• Evaluating the Effectiveness of Organizing Grants: Good organizing produces outcomes, and those outcomes can be measured. Policies change, communities change, organizations change, and people change. If funders are clear about the outcomes they’re after, any or all of those may be relevant.

Fundraising Plan – 1 Year Template

Keep track of grants and fundraising targets with this straightforward tracker.

While this resource does have some high-level ideas for you, it is really about getting in the weeds and focusing on tactics. Check out the chapters on registration forms, registration fees, badges, engaging with participants and more! provide insight and examples from top peer-to-peer industry experts. Second, this book should serve as a resource for organizations that are new to peer-to-peer fundraising as well as those who have been doing this for some time. No matter where you are in your peer-to-peer level of expertise, this resource provides a list of do’s and don’ts as well as tactics to help you make over your peer-to-peer strategy.


Philanthropy and the Social Economy: Blueprint 2016 is an annual industry forecast about the ways we use private resources for public benefit.

The Blueprint provides an overview of the current landscape, points to major trends, and directs your attention to horizons where you can expect some important breakthroughs in the coming year.


  • Insight: Big Ideas that Matter for 2016
  • Foresight: Predictions for 2016
  • Buzzword Watch
  • Hindsight: Renovations to Previous Forecasts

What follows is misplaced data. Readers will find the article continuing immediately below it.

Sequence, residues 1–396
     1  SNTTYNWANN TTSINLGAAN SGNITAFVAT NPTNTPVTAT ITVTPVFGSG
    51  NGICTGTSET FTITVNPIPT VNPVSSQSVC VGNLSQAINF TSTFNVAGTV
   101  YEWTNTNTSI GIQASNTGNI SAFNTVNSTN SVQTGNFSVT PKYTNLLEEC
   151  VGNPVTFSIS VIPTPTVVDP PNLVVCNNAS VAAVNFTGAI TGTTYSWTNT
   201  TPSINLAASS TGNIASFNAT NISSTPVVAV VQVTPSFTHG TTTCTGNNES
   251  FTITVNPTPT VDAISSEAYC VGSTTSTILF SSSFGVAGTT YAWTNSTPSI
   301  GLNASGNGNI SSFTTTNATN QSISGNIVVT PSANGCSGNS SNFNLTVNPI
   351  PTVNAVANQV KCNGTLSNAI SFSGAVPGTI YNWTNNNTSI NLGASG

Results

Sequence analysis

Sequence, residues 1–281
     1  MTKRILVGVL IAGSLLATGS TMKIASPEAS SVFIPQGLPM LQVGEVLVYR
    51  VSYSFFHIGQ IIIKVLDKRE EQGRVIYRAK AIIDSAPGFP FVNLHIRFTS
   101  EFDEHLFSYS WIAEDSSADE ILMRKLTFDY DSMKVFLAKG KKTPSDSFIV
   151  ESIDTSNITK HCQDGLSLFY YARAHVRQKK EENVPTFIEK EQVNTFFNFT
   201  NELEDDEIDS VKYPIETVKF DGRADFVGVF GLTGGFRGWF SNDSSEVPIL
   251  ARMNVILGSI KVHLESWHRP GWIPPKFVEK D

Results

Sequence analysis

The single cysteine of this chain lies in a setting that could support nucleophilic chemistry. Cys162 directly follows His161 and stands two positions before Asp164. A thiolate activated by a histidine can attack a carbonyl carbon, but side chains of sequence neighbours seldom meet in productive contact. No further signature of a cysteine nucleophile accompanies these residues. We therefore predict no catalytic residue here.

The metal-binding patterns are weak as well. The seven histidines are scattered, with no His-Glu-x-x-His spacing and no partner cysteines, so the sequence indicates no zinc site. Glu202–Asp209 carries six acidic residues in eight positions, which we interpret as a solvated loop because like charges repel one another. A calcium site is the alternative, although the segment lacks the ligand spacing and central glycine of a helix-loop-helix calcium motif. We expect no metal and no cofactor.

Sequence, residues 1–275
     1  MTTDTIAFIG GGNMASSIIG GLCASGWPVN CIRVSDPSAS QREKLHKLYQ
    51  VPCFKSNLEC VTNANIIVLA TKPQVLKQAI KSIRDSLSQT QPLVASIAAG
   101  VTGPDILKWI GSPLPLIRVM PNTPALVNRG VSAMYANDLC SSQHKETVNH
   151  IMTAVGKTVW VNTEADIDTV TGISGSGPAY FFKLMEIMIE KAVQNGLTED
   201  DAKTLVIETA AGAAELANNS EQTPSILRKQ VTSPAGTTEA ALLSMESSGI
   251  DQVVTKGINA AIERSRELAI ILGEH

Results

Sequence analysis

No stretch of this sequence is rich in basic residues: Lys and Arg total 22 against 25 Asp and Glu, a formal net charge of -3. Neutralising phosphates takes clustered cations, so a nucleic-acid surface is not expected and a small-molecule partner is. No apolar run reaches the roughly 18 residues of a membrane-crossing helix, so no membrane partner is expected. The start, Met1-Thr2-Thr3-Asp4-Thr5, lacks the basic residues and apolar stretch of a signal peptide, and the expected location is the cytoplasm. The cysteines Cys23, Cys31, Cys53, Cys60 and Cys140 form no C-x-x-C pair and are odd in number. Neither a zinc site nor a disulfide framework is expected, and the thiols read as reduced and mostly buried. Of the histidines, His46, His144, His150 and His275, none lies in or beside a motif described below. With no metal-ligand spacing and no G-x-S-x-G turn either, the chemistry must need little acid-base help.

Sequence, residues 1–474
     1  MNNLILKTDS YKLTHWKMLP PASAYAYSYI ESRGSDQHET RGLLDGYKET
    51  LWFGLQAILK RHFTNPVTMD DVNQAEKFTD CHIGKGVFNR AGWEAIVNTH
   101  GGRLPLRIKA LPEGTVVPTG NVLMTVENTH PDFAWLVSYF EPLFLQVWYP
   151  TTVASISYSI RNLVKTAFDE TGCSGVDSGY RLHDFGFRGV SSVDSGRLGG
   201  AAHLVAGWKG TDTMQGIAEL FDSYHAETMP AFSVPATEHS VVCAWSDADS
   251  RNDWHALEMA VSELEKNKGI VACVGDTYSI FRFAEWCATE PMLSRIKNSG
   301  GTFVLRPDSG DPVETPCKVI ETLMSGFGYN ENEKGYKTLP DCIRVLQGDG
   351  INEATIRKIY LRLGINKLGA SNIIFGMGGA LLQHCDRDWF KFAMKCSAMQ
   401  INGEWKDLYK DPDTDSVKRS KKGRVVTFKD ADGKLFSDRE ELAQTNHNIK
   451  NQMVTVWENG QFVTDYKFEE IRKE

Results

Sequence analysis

• Glimpses of the Future


Layers of Change
How are we to make sense of the changing nature of work and the demands of digital capacities in thinking about civil society?

Foresight: Predictions for 2016
What’s in store for the year ahead? How will the big shifts discussed in the Insights section affect your work next year? Policies to Safely Manage Data
How can nonprofits and foundations govern and use digital data ethically, safely, and effectively?

The Structure of Work
What do tech entrepreneur Elon Musk, former labor union leader Andy Stern, and investigative author Barbara Ehrenreich have in common? Now add in the Rockefeller, Russell Sage, and Open Society foundations; Obamacare; Uber; and Rosie the Robot from the 1970s cartoon series The Jetsons, and what do you get? They’re all contributing to—or thinking and writing about—the future of work.

Guiding Principles and Values for Digital Civil Society
The definition of digital civil society gives us a starting point. The definition contains three key elements: voluntary action, private resources, and public benefit.

Some ways you might consider using this Blueprint include:

  • With colleagues at your organization, this publication can open conversations about the context for your work and any thoughts on expanding your strategic framework.
  • With grantees, this publication can foster conversations outside of specific funding conversations that might also lend context or theory to their approaches.
  • With peers and other foundations, this publication can lead to dialogue about how we as a collective sector may contribute to or challenge the predictions for 2016, and if we’re tuned into current trends and buzzwords.
  • With our GrantCraft community, you can consider submitting your own reactions and resources related to themes discussed in this guide.

Think of this slim booklet as an experienced friend — a partner who can guide you in investigating, learning and maybe even getting inspired by how women give.

Think of it as a companion as you explore how philanthropy can add to your life and the life of your loved ones
Because philanthropy can help organizations take calculated risks, not all philanthropy achieves its goals. However, when successful, philanthropic and personal investments can pay dividends in the form of meaningful connection and even joy.
Why does women’s philanthropy matter? Find out by downloading and reading this resource.